Today’s batch comes from reader Bruce Cohrane, whose photos and captions are indented. Click on them to enlarge them. I’ve added a map of Seneca Lake below, one of New York’s glacial “finger lakes”:
I am fortunate enough to have inherited (along with my late sister) a cottage on Seneca Lake in the Finger Lakes region, built by my grandfather in 1939. I first went there when I was less than one year old, and I’ve been returning yearly since then (and I’m well into my Medicare years).
First, the setting:
We are on the east side of the lake, so sunsets are often spectacular.
In addition to scenic beauty, the area is increasingly recognized as one of the outstanding wine-producing regions in America. These vines are across the road from our place:
A bit of background on the next two photos. The Seneca Army Depot was built during World War Two, and remained in operation until 2000. It was a storage and disposal site for explosives (including nuclear material) and thus was secured tightly. Contained within its 10,000 acres is a deer (Odocoileus virginianus) population that contains a high frequency of leucistic (white) deer, most likely due to a combination of founder effect and subsequent genetic drift. Note that these animals are not albinos and actually have brown eyes.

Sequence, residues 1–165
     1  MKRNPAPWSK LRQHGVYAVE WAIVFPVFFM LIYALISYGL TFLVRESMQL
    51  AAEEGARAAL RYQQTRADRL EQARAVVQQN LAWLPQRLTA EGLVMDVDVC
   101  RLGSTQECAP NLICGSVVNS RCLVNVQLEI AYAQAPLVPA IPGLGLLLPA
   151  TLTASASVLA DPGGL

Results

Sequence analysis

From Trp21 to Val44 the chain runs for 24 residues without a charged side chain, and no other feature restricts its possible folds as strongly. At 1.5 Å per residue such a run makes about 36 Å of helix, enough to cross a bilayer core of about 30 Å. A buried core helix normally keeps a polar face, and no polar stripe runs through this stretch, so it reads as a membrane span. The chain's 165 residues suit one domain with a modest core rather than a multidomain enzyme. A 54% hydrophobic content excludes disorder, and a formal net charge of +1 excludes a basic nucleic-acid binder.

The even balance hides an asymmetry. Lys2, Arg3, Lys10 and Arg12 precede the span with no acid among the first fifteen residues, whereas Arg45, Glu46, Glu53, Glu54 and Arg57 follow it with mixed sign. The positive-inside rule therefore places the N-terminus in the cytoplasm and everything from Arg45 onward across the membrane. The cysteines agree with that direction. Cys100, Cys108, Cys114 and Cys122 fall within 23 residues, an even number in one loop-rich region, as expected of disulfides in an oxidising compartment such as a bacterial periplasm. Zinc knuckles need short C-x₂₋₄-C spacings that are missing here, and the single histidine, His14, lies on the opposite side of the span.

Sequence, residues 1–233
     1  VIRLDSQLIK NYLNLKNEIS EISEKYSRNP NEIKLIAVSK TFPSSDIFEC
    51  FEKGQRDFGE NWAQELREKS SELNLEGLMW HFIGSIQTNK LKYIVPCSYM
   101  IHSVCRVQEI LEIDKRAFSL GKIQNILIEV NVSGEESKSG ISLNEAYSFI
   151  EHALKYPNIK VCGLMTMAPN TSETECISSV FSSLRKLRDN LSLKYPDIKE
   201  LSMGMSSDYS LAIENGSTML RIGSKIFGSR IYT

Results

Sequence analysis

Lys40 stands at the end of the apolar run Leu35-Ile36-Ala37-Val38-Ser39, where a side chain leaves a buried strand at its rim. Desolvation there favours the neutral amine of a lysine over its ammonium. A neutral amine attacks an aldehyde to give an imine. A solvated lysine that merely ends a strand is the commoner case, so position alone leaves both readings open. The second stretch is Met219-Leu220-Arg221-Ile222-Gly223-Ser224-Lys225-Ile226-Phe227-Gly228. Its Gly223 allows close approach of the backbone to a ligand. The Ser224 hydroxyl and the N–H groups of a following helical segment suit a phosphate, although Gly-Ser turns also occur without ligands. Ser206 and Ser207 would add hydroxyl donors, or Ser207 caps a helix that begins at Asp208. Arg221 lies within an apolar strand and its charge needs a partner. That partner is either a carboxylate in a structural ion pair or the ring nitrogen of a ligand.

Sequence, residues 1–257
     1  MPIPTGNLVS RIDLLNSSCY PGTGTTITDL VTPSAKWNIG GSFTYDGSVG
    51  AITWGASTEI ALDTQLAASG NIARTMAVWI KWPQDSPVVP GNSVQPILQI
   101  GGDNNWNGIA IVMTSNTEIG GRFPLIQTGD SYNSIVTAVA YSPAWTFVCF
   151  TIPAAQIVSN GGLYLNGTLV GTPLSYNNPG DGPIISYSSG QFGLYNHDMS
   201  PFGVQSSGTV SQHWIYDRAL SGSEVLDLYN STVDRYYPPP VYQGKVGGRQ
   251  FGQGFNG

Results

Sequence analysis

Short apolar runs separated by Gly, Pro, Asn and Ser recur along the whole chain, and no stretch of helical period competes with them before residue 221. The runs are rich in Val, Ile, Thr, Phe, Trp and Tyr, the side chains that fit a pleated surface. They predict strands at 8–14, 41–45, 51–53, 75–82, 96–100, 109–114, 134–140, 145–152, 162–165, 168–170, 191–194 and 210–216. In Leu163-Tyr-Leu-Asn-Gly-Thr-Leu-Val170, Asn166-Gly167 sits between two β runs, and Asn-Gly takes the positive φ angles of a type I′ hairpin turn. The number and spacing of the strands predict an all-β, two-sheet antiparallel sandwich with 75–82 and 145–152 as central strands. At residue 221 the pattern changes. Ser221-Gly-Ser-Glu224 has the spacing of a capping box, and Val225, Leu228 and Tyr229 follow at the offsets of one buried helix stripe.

White and brown deer:
Young white deer:
The Erie Canal runs north of the lakes and, while no longer used much for commerce, is a great recreational resource. In 2010, we rented a house boat and spent three days on the canal, including a swing through Montezuma National Wildlife Refuge, situated in the wetlands north of Cayuga Lake. The Canal and Refuge are great places for birding.
Great Blue Heron (Ardea herodias):
Osprey (Pandion haliaetus):
Bald Eagle (Haliaeetus leucocephalus):
On our cruise, we had to pass through multiple locks, some of which were home to invasive zebra mussels (Dreissena polymorpha), a scourge of the Great Lakes area:
Returning to our cottage, we often have visitors.
Eastern Cottontail Rabbit (Sylvilagus floridanus):
Common Watersnake (Nerodia sipodon) off our dock:
Finally, when traveling between my Ohio and New York homes, I often drive through the Alleghenies in Western Pennsylvania. The town of Benezette, in Elk County, is at the heart of the range of a herd of 1400 elk (Cervus canadensis). While eastern elk were driven to extinction in the 1800’s, they were reintroduced to Pennsylvania (from Yellowstone) in 1912, and despite poaching and farmers’ wrath, have persisted until the present. Viewing is best in the breeding season (September and October).